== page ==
Wednesday, September 15, 2021

Aunty Donna's Big Ol' House of Fun (2020-)

Australia has a long history of fantastic comedy no-one outside our borders have ever heard of. Some people like to act like it's our fault for being isolated, but really it's their fault for being lazy. If we get all of your crap, why can't you lazy Americans watch ours? You don't even need subtitles for us! Anyway, now that the internet has revolutionised media, comedians/entertainers no longer need worry themselves about borders ever again, as a single video can travel around the world as fast as light.

Mark, Broden, and Zack are three Aussie housemates who get up to all kinds of mischief. Whether they're trying to have a nice night in, organising for a date, training for the 'Lympics, or expecting the Queen of England over for dinner,

Aunty Donna's Big Ol' House of Fun is the latest work to come from Aussie comedy trio Aunty Donna. For years they've been working hard on their Youtube channel, and doing live shows. Their content ranges from sketches, to songs, and abstract theatre, all with a very surreal and often dark tone. Big Ol' House of Fun represents a graduation to a TV format, after the boys were picked up Netflix.  Thankfully the show keeps to its roots, and still has a delightfully anarchic atmosphere, while still making the most of its new trappings.

Right out of the bat, this show makes itself quite clear. Its comedy style is definitely niche, and some might be put off by the more gross, nonsensical, or random elements. Even I wasn't entirely sold on it at first, but it quickly grew on me, and those sketches that I wasn't so sure about ended up being some of my favourites. It's an often hilarious series, and all too brief at just 6 episodes. I did respect its brevity though, with some episodes being as short as 17 minutes!

There's a nice mix of standalone sketches and recurring gags. There are also many familiar Aunty Donna touches, like the sometimes loopy editing, filming, continuity, and all those other little things. What I feel the show really nails is scene progression. We move from one sketch to another so fluidly, which is really saying something considering how suddenly they can end, or how many of them take place just in the trio's house.

If I were to describe what this show is like, to give you an idea of what to expect, or what inspired it, think something along the lines of Spike Milligan's Q, Monty Python, and of course The Aunty Jack Show! I've no doubt that these boys have seen that Aussie classic.

Another thing I really liked is the show's overall tone. The characters can act mean, angry, or violent, but there's a good balance, and the show never feels mean-spirited. There are enough moments of positive moments of goofing around to make it a pleasant watch.

A big change is the move to America, but thankfully this doesn't negatively affect the show. It highlights the best of both worlds. It takes advantage of all that America has to offer, but also never forgets its roots. Aside from the three leads being proud Aussies, and speaking lots of local words or slang, many of the supporting actors are Aussie too. It makes one feel proud!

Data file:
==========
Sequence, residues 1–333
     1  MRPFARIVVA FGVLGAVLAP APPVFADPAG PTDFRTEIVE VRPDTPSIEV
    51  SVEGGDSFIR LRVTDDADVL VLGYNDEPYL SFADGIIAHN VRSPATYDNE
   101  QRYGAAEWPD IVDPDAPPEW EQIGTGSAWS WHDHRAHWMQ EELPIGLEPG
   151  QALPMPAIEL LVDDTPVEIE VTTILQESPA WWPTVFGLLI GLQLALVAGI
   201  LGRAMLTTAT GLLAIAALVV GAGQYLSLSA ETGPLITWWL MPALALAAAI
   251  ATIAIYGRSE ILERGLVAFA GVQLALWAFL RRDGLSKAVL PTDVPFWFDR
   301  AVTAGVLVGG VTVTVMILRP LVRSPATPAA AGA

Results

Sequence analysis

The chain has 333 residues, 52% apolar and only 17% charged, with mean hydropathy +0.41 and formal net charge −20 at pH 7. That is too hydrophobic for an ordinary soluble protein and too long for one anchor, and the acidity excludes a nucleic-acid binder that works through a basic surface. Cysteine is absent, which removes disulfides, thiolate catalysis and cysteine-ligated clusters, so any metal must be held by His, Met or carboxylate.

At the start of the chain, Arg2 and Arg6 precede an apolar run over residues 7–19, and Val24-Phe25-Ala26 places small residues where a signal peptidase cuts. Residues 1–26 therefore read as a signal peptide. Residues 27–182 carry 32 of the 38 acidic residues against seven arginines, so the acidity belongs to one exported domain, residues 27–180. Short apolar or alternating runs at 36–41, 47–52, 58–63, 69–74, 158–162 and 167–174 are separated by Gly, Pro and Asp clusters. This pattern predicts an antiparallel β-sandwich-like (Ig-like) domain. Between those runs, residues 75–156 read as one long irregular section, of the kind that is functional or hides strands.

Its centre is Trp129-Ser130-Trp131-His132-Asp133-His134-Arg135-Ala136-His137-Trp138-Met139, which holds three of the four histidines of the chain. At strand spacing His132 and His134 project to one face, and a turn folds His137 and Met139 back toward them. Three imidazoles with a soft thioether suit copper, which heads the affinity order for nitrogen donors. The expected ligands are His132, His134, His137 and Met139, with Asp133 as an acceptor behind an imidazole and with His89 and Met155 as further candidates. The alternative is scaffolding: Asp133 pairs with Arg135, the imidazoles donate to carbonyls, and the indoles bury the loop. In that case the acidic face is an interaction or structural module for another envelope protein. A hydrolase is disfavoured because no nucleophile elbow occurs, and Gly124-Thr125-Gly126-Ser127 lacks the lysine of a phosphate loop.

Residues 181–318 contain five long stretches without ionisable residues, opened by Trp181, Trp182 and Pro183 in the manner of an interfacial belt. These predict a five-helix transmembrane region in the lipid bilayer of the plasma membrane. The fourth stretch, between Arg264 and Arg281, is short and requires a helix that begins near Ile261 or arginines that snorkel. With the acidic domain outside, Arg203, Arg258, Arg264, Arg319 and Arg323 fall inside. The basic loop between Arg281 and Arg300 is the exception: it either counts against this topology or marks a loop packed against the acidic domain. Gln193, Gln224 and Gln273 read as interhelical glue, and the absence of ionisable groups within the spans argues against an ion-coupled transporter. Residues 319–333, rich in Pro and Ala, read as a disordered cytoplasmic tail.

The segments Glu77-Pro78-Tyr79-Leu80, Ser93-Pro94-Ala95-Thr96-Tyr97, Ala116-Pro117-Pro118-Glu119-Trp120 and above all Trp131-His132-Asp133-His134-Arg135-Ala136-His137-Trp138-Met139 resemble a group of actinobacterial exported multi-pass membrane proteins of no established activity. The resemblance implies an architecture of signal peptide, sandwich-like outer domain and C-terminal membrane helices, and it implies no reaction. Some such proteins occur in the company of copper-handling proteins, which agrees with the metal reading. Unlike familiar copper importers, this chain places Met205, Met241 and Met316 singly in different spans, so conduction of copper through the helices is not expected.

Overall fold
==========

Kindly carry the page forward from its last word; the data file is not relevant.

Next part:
The three leads, Broden Kelly, Mark Bonanno, and Zachary Ruane, are a hilarious bunch. Throughout their various characters, they share great chemistry, and manage to pull of manic moments, rubber-faced insanity, as well as amusing deadpan or straight-faced moments. What I especially enjoyed was how quickly they can shift from goofy to serious. One moment they're all smiles, then suddenly "Broden, what the fuck?!" like a pin dropping.

The show is full of small appearances and cameos by various people, including American actors and comedians, to performers as high profile as Weird Al Yankovic! These are often funny, and never feel obnoxious or really in-your-face. It also never feels like the Donna boys have sold out just because they now have a celebrity in their show. Far from it, I gained a new respect for Ed Helms for his involvement in this (not only does he act, but executive produces too!).   It was also a delight seeing classic Aunty Donna collaborators like Michelle Brasier and Ben Russell!

The music in House of Fun is a highlight. There's a great variety, with musical numbers aplenty, short and long. Everything's a Drum is an arresting way of grabbing the audience's attention, and showing that these boys aren't afraid of a good tune. Some can come completely out of nowhere, so you never know when to expect the characters to suddenly burst into song. The ending theme is fun too. Sung by what I presume is a female electronic voice, it's tailored to match each individual episode, and is fun to hear each time, made all the better by the familiar Aunty Donna refrain.

Aunty Donna's Big Ol' House of Fun won't appeal to everyone, nor is it meant to. What's important is that it appeals to its longstanding fans, and has entertained many new viewers. I'm looking forward to a next season, and whatever else the Aunty Donna troupe brings to us. All in all, I'd say I'm fairly chuffed by this show...

1 comment:

  1. Thanks to you this show grew on me too! Your review only gave me a more detailed insight into it.